Daylight savings time has unnoticed benefits


Taryn Robinson, Sports Editor

As per usual, most of us experienced Daylight Saving Time this Saturday, falling back an hour, gaining an hour of sleep. Despite all the ridicules Daylight Saving Time gets from many critics across the nation, the time change that Daylight Saving Time has is a positive thing for those who experience it because of the positive effects it has on the human body due to faster sunrise, quicker sunset, and a plus to your daily routine. 

Just for a quick reminder, Daylight Savings is when we “fall” back to Standard Time, compared to when we “spring” forward Daylight Time in the spring. 

One thing that changes when Daylight Saving Time occurs is that it gives us longer hours of light in the evening by shifting sunset (and sunrise) later. Standard Time gives us brighter mornings by shifting sunrise (and sunset) earlier; brighter mornings encourage a faster wake up time and are much easier to gain energy to start your day.

In a 2019 study, a researcher found that exposure to morning sunlight results in greater alertness. Exposure to morning light can also lead to better sleep, which can have beneficial effects on your body the next day, according to an article on And in a 2017 study published in the journal “Sleep Health,” people who are exposed to sunlight in the morning sleep better at night and feel less stressed and depressed than people who don’t get access to morning sunlight.

Your daily routine also gets affected by switching to Standard Time through Daylight Saving Time. Since there are brighter mornings, it is easy to get an exercise in at the gym or just simply running outdoors to get your blood pumping through the day with the sun out. It also means that it will not get dark as fast so you can still get your activities done when the sun is still out, and if you have a job, it will still be light outside after 6 p.m. compared to before the clock changed (which was about 5 p.m. in the evening).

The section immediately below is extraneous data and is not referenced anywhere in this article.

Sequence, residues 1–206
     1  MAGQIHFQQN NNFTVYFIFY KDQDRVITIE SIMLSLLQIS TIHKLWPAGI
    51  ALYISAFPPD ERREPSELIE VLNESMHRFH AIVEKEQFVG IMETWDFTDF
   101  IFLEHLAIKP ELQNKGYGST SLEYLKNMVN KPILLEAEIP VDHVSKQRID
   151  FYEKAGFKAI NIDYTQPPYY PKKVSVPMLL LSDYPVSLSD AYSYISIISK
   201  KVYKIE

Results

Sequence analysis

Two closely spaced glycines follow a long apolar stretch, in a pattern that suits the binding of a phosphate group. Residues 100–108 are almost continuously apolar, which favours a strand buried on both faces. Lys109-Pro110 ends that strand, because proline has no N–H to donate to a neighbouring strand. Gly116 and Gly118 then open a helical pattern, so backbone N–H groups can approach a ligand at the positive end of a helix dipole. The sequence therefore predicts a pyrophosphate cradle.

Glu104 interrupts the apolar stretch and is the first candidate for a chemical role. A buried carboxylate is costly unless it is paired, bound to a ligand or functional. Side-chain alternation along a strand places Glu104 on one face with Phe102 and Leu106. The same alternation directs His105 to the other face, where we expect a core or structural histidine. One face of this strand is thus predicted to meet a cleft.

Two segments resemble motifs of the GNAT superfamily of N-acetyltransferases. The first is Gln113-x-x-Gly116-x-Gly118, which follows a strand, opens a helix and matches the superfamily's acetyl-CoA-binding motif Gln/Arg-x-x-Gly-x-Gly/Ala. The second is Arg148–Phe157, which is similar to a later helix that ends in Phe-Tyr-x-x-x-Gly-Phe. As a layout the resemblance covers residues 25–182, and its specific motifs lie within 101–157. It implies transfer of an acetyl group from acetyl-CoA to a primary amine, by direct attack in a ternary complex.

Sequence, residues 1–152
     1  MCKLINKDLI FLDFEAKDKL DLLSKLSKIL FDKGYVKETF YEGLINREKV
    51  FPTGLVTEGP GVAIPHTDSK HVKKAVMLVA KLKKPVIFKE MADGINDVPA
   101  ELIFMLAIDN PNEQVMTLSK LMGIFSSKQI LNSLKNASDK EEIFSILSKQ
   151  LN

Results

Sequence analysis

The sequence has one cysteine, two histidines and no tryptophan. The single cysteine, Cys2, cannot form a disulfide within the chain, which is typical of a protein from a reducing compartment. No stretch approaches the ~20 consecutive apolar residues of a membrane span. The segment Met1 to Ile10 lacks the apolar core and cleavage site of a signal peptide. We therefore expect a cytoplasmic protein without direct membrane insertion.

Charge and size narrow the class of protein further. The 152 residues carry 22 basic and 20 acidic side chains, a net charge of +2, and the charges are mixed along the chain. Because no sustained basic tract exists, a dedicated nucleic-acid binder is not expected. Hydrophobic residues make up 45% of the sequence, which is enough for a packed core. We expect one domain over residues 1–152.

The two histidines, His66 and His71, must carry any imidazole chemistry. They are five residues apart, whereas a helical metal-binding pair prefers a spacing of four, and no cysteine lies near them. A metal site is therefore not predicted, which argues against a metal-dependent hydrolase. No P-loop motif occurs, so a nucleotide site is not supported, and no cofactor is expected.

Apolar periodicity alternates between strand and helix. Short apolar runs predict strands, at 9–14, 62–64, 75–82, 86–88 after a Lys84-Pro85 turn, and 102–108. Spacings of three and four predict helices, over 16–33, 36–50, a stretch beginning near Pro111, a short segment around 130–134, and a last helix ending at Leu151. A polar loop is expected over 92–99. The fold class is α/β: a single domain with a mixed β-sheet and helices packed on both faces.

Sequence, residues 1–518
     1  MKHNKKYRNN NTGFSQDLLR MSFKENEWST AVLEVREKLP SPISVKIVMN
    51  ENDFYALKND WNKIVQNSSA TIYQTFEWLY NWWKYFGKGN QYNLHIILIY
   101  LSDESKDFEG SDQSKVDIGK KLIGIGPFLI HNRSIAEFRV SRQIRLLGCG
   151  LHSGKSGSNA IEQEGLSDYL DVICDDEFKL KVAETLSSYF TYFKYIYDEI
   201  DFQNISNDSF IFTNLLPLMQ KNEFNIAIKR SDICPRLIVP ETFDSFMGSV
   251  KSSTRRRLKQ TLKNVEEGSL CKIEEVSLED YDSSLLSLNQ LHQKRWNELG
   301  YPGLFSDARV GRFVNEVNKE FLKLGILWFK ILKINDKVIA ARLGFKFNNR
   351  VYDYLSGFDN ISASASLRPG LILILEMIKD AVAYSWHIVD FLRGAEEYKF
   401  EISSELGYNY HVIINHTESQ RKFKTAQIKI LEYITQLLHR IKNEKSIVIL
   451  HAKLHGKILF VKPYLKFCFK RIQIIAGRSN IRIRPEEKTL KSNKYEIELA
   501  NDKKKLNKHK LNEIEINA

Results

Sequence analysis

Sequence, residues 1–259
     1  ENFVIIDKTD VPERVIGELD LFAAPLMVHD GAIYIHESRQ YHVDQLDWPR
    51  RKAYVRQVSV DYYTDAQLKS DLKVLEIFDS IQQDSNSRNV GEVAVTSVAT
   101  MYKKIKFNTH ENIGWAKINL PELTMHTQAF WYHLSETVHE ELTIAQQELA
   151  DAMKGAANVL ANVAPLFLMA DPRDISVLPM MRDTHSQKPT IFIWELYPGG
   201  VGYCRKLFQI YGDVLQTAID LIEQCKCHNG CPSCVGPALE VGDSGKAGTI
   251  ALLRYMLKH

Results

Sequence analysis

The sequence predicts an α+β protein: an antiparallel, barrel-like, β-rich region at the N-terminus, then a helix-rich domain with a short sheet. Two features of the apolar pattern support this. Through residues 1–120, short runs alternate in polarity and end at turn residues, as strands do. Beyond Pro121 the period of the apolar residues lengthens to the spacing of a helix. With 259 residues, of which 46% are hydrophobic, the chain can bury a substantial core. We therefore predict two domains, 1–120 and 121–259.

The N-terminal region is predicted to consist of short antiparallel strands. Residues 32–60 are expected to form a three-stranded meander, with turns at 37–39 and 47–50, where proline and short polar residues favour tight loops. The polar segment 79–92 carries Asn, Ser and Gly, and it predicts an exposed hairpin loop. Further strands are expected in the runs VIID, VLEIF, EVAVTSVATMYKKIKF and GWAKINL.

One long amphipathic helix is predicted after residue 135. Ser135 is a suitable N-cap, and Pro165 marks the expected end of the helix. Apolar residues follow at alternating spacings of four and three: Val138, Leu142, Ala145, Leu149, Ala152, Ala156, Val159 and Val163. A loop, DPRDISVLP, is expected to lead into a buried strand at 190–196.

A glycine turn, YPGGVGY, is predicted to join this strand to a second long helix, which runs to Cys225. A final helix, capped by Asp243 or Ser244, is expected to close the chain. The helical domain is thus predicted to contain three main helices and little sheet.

With that being said, as soon as the sun starts to go down, it sets very quickly. Nightfall seems almost immediate, making it seem like the day is done, leaving minimal determination to get school work done. But, that doesn’t seem to be a problem according to a new discovery by postgraduate student Martin Sale along with his colleagues from the University of Adelaide. 

According to “Science Daily,” Sale’s group found that humans learn more effectively in the evening, and targeted learning activities at that time of day are most successful.

There is one downside to Daylight Saving Time — not all countries, let alone all 50 states in the US, reset their clocks.

According to, fewer than 40% of countries in the world currently apply Daylight Saving Time switches, but more than 140 countries had implemented it at some point. As of right now, only two U.S. states – Arizona and Hawaii – have abandoned changing the clocks, both adopting permanent winter/standard time.

So, as you can see, the switch upon which Daylight Savings time makes is not so bad. It promotes faster learning during darker evenings and a faster wake up time in the morning because of the quicker sunrise.